The last hearing day for Matt Wells, the Human Rights Watch researcher, lasted only half a day. Charles Blé Goudé’s defense team focused on specific points of the American’s testimony, particularly on the “Street General’s” speeches.
Emmanuel Altit, Laurent Gbagbo’s lawyer, took the floor for ten minutes to complete his defense team’s examination. He questioned Matt Wells about pro-Gbagbo refugees who went to Liberia and denounced what he defined as too simplistic a presentation in the Human Rights Watch researcher’s testimony (HRW), where an ethnic group was associated with a political orientation.
“You mean that the entire population of some Guérés villages fled, right?” Altit asked. Matt Wells assured: “Most Guérés [from Western Côte d’Ivoire] fled.” The witness said that HRW did not present a simplified history. And Altit retorted that his testimony at the Office of the Prosecutor did not embrace “the complexity of what happened.”
Evidence of murder “without seeing”
Then Jean-Serges Gbougnon spoke for the Charles Blé Goudé defense team. His interrogation was quite different from that of Emmanuel Altit, and focused more on specific points of Matt Wells’ testimony.
Asked about the passage of his testimony where Wells said that he could not get to the “Parliament” (Young Patriots” gatherings) in Abobo Avocatier “because of Young Patriots violence at that time,” Wells said he became aware of what had happened through cross-checking consistent testimonies and even had evidence of some murders. “We have the exact times and dates of the killings,” he added. Gbougnon concluded this discussion by saying: “You are positive even though you did not see anything.”
Call for discussion and incitement to violence
Three videos where we see Charles Blé Goudé were presented. Through these images, the defense once more portrayed the “man of peace” described in its opening statement. In one of them, the former Gbagbo Minister appealed for dialogue: “We believe that when one finally ends a war, one always ends up talking (…) then why not talk now instead of putting people’s lives in danger.”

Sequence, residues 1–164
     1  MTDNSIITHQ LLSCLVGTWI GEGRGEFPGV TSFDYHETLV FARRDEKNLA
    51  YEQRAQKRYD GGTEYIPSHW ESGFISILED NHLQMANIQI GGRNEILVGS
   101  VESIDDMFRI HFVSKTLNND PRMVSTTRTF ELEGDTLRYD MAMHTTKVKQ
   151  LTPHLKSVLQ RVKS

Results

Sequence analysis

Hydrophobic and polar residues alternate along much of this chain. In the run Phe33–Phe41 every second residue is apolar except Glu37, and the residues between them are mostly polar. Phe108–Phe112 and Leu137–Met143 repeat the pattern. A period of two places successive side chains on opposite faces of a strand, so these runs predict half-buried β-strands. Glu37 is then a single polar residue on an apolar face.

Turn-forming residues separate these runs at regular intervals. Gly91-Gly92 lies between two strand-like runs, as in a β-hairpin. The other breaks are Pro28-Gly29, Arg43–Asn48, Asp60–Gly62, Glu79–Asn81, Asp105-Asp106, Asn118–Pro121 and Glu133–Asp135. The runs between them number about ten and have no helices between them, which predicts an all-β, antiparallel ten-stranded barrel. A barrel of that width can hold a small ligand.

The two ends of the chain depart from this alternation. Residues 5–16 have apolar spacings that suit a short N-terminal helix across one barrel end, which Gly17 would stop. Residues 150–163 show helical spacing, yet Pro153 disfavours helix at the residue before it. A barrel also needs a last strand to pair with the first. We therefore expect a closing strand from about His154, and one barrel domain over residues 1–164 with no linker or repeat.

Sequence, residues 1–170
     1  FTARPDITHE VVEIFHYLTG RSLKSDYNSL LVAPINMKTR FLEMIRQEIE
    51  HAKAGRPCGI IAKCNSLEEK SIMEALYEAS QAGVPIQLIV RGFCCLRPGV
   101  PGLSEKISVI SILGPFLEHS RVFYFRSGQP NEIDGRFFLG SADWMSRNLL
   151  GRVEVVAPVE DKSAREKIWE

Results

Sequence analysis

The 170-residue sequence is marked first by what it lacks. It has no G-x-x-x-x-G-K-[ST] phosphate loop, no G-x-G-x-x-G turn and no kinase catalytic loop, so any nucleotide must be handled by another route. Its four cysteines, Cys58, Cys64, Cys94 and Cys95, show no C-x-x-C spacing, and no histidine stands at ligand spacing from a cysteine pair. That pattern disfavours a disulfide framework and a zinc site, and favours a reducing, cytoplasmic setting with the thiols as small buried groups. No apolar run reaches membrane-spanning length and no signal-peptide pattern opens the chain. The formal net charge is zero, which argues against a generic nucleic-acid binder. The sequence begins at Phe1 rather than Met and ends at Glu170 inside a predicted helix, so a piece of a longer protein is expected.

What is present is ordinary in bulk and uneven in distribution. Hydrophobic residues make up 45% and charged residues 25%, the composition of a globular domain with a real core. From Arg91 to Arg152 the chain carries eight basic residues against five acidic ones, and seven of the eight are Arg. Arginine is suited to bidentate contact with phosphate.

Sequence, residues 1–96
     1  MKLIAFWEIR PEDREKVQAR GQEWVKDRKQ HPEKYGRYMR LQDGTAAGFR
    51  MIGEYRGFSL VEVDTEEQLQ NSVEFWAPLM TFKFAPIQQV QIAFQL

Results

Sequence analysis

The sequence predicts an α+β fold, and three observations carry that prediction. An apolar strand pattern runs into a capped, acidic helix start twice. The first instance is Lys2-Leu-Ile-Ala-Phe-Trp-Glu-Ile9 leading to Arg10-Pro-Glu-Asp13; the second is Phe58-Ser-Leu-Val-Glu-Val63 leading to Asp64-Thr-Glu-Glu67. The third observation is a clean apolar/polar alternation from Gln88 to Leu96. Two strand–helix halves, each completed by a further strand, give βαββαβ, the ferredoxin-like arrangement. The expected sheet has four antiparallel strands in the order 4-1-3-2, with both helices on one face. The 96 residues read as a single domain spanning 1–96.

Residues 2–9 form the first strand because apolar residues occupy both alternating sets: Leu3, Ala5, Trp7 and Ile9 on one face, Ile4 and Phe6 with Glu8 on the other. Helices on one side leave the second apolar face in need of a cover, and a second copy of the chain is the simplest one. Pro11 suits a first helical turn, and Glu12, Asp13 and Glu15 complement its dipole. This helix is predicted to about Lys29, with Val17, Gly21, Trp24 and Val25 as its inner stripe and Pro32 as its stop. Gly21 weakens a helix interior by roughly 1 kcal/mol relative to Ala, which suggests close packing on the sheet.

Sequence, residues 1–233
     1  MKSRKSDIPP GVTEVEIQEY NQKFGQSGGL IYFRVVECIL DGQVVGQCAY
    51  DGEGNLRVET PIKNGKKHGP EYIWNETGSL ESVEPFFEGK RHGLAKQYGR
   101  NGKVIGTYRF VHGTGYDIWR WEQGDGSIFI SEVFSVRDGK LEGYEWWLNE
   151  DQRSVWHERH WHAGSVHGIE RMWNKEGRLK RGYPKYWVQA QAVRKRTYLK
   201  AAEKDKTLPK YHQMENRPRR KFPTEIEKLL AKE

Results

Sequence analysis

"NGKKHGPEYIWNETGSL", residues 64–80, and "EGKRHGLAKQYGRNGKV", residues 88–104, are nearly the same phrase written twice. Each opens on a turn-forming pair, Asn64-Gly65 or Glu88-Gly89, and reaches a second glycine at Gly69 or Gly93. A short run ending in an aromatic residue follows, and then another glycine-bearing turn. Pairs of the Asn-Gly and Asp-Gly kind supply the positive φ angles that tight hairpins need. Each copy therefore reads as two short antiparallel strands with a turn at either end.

“Why weren’t any of these calls for talks mentioned in your report?” Gbougnon asked at the end of the broadcast video.
“Based on the videos, we felt that Mr. Blé Goudé delivered a number of speeches that were not like those but rather incited to violence,” Wells answered. “And after these speeches, we saw an increase in violence. “
“Do you know the context of the February 25 speech? (…) Did you hear of the Anonkoua Kouté events?” Gbougnon went on. “Yes, we have done research on the context (…) The attack of the Invisible Commando (…) It’s in our report,” the researcher answered.
Wells’ interview ended there. The parties have no more questions. Only one practical question was raised. It concerned witness p-431 who, on Tuesday, May 24, will be the Gbagbo – Blé Goudé trial’s 9th witness appear.
Laurent Gbagbo and Charles Blé Goudé are charged with four counts of crimes against humanity, including murder, rape, and other inhumane acts, or – in the alternative – attempted murder and persecution. The accused allegedly committed these crimes during post-electoral violence in Côte d’Ivoire between December 16, 2010 and April 12, 2011.
This summary comes from Ivoire Justice , a project of Radio Netherlands Worldwide(RNW), which offers monitoring and commentary on the ICC’s proceedings arising from the post-election violence that occurred in Cote d’Ivoire in 2010-2011. It has been translated into English for use on International Justice Monitor.